I don't know if anyone follows this blog anymore, but there was a day when I was a cheerfully prolific blogger, and then I got into doing other things and the blog collected dust. A lot of dust. I'm blowing off the dust and seeing if I still have anything to say. My inspiration for doing this is...
Mawata Silk Hankies!!
I have been dyeing these and selling some locally through my favorite LYS Black Sheep Yarns in Port Moody. Now I want to sell them in my Etsy shop. You can access my Etsy shop at any time by clicking on the mini Etsy on my side bar to the right.
I find the number one thing that gets people hung up on working with mawata silk hankies is that they don't know what the heck to do with them. Remember how intimidating cable knitting is until you knit some cables? It's the same with mawata silk hankies. And the great thing is that mawata fiber is really fun, forgiving, and difficult to ruin, so you can play away with little risk. The number one reaction I get from people trying it out for the first time is, "hey! This is fun!" And that, I think, is the point of it all. So I'm dusting off the blog to share the fun, to give some help with a new (to many) knitting adventure, and to get talking about knitting again. It's all good.
When you buy mawata silk fiber, it usually comes in a nice tidy square stack. I'm selling mine in 10gram packages that yield approx 10-12 individual hanky layers. The thing looks super neat and tidy at first:
But once you get them out of the package, they can quickly turn into a small mess:
But don't let that intimidate you because no matter how messy they seem to get, you can always separate out the layers you need. When I'm working with mine, and I'm ready to put it away, I just gather it up into a handful and shove it into a ziploc baggy.
So no worries about appearance. When you are ready to knit your mawata, here is what you do. First off, you'll notice that each stack has a bunch of layers. You can tease apart the layers at a corner, and it will look like a bunch of really thin cobwebby squares with slightly thicker edges (that can resemble a selvedge edge of fabric).
You want to get the top selvedge layer separated from the others and peel off the top square.
Don't worry about ripping it or breaking it. Silk is surprisingly tough. The square will distort and maybe turn into something that looks more like a jellyfish, but you will peel it off. You might even have to give a sharp yank at the end to get it to let go of the stack.
And now you have one layer of silk to work with.
If you accidentally get two layers and you can't get them apart, it's no big deal. You will end up with a longer piece to knit. The only downside is that it can take a bit more work to stretch two into a knittable string than one, but it really is no big deal. Ok, now that you have one layer, the fun begins. You poke your fingers through the thin cobwebby part in the middle and make a hole.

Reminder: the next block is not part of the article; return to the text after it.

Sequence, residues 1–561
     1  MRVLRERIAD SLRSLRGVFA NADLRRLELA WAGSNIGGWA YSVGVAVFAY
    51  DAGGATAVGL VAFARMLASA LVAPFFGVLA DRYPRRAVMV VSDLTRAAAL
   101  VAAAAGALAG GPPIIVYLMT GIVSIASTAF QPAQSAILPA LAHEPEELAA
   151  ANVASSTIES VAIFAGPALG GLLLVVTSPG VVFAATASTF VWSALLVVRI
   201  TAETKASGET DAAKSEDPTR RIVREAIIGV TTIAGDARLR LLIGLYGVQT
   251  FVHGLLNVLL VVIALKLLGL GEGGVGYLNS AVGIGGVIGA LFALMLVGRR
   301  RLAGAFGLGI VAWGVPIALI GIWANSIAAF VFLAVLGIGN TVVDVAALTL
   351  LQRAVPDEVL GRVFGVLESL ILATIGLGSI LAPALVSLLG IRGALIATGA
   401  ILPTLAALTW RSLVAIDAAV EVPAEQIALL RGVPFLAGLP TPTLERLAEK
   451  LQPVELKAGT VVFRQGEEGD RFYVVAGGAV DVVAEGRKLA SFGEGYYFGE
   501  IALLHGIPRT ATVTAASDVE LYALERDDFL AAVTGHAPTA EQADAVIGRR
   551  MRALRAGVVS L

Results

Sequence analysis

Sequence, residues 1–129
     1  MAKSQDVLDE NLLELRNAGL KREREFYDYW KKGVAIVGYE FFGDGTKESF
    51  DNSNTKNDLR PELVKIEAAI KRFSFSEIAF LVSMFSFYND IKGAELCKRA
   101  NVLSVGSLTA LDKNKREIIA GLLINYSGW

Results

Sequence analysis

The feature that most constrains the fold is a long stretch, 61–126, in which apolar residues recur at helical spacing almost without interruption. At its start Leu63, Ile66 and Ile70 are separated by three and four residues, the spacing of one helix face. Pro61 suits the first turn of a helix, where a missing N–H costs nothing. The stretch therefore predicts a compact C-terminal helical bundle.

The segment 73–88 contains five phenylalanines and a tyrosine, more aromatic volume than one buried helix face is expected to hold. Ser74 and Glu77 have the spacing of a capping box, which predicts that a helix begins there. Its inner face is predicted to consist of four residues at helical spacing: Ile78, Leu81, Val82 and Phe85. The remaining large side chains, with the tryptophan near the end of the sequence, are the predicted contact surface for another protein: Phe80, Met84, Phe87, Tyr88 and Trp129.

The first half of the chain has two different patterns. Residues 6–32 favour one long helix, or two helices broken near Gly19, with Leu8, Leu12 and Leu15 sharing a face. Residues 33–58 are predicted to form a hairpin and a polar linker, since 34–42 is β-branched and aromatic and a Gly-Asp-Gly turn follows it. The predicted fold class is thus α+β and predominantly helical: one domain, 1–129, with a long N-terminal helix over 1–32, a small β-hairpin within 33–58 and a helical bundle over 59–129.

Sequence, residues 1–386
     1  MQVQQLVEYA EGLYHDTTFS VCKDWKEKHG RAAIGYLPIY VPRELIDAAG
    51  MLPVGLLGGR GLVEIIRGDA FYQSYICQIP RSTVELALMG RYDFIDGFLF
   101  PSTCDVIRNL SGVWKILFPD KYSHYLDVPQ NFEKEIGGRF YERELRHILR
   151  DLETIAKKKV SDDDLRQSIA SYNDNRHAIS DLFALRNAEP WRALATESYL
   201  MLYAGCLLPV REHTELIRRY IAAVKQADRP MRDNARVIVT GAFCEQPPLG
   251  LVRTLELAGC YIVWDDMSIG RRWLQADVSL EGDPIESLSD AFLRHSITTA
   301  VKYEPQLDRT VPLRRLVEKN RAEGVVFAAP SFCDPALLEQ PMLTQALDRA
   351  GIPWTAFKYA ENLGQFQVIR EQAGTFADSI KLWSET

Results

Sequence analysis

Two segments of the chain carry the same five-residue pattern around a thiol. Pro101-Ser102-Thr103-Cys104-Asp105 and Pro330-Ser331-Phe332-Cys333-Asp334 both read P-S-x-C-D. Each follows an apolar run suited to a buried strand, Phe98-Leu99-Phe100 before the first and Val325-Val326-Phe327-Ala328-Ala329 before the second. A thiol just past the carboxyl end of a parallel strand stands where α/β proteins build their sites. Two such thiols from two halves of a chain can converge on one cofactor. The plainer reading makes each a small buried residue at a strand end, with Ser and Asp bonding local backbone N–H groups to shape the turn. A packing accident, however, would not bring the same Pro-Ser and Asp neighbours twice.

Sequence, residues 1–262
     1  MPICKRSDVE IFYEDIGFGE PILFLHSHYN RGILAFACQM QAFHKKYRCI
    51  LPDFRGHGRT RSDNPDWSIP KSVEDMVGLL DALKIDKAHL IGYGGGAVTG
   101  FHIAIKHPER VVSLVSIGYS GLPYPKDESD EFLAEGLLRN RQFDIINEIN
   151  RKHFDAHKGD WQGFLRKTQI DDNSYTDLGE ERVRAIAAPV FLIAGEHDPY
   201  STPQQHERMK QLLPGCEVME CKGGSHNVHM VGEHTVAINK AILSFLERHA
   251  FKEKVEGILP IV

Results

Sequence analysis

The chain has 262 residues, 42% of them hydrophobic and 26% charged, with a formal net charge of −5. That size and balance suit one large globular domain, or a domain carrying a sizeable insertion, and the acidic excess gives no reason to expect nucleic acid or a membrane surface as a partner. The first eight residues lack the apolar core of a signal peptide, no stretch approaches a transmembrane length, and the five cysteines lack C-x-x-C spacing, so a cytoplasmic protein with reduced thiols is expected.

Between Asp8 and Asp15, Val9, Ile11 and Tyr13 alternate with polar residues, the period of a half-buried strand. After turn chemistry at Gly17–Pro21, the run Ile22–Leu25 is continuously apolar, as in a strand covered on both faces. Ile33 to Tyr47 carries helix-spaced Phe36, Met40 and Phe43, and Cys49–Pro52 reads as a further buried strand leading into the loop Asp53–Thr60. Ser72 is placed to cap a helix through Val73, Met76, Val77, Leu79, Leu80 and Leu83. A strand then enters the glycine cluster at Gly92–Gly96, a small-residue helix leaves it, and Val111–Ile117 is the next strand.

Then you get both hands in there and pull and pull and pull the square into a long wide loop.
The longer and thinner you make your loop, the longer and thinner your yarn will be. When your loop is stretched the way you want it, you'll pull it apart to create a string. At that point it is yarn. You can tie a knot in it. You can cast it on. You can knit with it. You can spin it, but you don't need to. Just try holding it only a few inches apart and then see if you can break it. It's easier to stretch out if you hold it much further apart (one or two feet apart). They make parachutes with this stuff. It's strong.
Some people get a little hung up on this part: How big should my loop be?? How thick should my yarn be?? Well, it all depends on what you want to knit. If you want reaaaallllly super thin yarn to knit spider web lace, then you can make it as thin as you want. Silk can go a long long way before it breaks. If you stretch it only a little, you'll have thicker yarn. If you're terrible at judging how thick you want your yarn to be, you'll need to experiment a little. Get out different sizes of knitting needles and see what happens. I found that I liked to stretch it to sport weight and knit it on 3.25mm needles for the scarves I knit (more on them later). Yarn Harlot stretched hers to DK/light Worsted to knit mitts. I stretched two layers together into bulky for a pair of fingerless mitts. It's all up to you. If you stretch it too far, then overlap it, double it up, fold it in half. If it's not thin enough, then stretch it some more.
The best part is knitting with it. You use it just like regular yarn, and when it runs out, you stretch out another one, overlap the ends a few inches and carry on. No fuss. No tails.
And if you want to watch a really helpful YouTube video on how to do what I've described above, you can check out This one from KnitPicks.